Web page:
But the Trump campaign is vastly superior to Ryan in its core understanding of the core issues most urgent right now. Every new President can focus on three, at most four, such issues. Trump seems to have three: secure borders, economic nationalism, and interests-based foreign policy. We can have a debate about whether those are the most urgent issues just now. Indeed, the whole campaign may be said to be such a debate. We’ll see who wins.The "why" of Ryan's priority has little to do with compassion for the poor. It has everything to do with compassion for his own political career.
Obviously, we at JAG think these are the most urgent issues just now. Maybe you agree, maybe you don’t. But does anyone—other than Paul Ryan—believe that developing a new poverty policy is the most urgent issue right now? Perhaps Jack Kemp’s ghost?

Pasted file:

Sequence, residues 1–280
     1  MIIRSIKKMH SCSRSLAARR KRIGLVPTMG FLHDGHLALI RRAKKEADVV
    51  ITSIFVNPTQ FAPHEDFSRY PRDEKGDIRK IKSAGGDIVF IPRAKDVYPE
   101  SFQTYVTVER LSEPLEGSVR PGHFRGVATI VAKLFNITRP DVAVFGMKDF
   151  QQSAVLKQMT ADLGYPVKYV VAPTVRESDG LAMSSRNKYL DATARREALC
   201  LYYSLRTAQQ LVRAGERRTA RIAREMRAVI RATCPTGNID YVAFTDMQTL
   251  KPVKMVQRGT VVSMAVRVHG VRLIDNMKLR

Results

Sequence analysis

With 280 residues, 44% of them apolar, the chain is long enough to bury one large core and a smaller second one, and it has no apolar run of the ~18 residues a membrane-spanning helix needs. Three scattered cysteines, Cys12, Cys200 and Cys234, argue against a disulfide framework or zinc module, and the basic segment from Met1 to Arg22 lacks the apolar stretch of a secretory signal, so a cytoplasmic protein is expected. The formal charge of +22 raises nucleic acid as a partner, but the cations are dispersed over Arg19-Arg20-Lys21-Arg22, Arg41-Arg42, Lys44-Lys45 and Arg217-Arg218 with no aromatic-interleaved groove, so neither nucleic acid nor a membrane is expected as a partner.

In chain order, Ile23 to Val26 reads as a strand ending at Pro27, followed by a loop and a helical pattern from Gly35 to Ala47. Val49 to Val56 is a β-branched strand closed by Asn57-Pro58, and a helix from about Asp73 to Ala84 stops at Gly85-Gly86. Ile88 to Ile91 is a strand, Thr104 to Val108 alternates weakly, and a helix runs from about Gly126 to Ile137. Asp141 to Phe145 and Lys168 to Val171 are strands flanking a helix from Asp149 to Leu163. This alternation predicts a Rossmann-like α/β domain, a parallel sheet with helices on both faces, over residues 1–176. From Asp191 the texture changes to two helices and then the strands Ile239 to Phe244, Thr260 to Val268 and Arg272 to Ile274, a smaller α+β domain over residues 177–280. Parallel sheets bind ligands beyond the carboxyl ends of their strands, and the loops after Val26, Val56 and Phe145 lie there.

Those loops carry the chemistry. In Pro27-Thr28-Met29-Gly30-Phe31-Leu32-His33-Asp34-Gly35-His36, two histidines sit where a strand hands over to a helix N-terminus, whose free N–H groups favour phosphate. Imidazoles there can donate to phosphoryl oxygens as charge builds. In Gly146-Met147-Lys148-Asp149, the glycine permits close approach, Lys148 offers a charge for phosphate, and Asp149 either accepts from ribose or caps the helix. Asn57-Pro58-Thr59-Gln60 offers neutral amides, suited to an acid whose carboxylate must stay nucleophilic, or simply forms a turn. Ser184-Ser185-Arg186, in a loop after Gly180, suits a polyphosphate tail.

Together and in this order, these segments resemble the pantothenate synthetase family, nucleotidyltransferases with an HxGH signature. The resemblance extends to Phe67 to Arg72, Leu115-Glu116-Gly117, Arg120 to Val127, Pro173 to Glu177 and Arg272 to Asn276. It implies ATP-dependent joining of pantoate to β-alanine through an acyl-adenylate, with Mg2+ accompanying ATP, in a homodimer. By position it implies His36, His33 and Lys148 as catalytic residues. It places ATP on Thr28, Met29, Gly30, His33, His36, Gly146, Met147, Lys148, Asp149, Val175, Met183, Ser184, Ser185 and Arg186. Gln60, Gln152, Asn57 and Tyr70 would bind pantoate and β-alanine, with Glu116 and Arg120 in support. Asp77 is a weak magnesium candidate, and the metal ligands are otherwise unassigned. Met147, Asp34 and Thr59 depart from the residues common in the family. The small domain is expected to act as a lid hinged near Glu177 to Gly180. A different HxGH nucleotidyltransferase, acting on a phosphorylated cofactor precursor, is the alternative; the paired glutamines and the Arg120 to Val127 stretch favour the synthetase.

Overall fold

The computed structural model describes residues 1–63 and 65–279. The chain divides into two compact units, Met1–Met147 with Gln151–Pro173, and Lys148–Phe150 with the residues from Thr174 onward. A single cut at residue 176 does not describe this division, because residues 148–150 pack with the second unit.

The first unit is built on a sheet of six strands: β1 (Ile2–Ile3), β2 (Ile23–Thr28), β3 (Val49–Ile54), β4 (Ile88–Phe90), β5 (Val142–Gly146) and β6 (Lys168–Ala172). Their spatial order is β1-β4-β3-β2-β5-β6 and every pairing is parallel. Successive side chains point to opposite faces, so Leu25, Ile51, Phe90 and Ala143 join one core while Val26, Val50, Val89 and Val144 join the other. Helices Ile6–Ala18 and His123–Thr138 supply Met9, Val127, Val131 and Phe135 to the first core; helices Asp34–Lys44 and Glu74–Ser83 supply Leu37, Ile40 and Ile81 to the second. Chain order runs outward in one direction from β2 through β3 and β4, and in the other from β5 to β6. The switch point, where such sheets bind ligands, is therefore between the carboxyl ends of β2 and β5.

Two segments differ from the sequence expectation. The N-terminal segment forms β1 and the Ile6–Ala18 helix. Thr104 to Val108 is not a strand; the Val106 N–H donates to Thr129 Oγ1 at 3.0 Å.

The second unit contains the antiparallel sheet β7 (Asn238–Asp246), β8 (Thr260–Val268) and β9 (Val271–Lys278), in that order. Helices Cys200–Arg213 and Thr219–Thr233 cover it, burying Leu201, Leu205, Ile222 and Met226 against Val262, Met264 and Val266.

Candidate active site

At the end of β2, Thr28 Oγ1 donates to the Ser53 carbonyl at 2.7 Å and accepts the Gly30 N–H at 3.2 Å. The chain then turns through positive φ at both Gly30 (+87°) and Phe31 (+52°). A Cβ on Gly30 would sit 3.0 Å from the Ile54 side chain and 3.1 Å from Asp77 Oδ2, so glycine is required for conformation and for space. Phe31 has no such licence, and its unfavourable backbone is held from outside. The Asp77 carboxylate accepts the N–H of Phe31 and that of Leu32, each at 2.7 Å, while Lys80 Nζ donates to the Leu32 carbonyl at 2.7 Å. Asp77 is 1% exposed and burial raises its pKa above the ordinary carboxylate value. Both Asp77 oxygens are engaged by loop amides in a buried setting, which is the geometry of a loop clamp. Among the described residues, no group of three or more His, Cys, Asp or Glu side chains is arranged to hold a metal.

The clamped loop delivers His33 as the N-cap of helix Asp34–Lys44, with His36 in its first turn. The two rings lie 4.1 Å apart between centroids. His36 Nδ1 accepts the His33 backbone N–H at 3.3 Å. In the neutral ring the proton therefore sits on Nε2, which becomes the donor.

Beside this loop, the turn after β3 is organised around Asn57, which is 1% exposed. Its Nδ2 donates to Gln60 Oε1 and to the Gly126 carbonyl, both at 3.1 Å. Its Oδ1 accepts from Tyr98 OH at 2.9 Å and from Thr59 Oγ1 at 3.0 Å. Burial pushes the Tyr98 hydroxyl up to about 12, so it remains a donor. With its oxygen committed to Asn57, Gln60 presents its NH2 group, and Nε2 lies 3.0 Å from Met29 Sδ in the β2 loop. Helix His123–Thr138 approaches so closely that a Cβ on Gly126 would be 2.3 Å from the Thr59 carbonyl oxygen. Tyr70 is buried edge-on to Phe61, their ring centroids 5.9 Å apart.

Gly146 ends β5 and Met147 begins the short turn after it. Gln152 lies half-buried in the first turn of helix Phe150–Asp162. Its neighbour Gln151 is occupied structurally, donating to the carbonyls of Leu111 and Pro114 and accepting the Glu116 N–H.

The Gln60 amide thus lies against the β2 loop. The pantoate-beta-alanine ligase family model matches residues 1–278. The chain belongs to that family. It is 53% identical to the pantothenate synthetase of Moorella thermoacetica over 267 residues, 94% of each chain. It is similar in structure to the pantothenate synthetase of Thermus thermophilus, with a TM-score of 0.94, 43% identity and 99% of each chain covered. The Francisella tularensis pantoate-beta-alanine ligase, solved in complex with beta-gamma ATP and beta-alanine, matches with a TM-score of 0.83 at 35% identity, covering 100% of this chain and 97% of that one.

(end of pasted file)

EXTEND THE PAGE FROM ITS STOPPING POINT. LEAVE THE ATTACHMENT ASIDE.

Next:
The three Trump policy priorities Decius lists above have one thing in common: They can be measured for success or failure. Ryan's cannot. There is no metric by which you can judge an anti-poverty campaign. You can, however, determine whether or not a border is truly secure. You can judge whether or not an economic policy is helping or hurting the economy. You can decide whether or not our foreign policy is advancing or hindering our national interests.
Trump, unlike Paul Ryan or the entire Democrat Party, is putting his political capital where his mouth is. He's advancing policy priorities that can be used to judge his performance. Judging Ryan's performance with regard to the efficacy of his poverty program would be like nailing Jell-O to a tree. Since you can't say that he succeeded, you can't say that he failed.
There's an old Klingon proverb: bItuHlaHbe'chugh bIquvlaHbe'. "If you cannot be shamed, you cannot be honored." Paul Ryan turns that on its ear to become "If you cannot be honored, you cannot be shamed."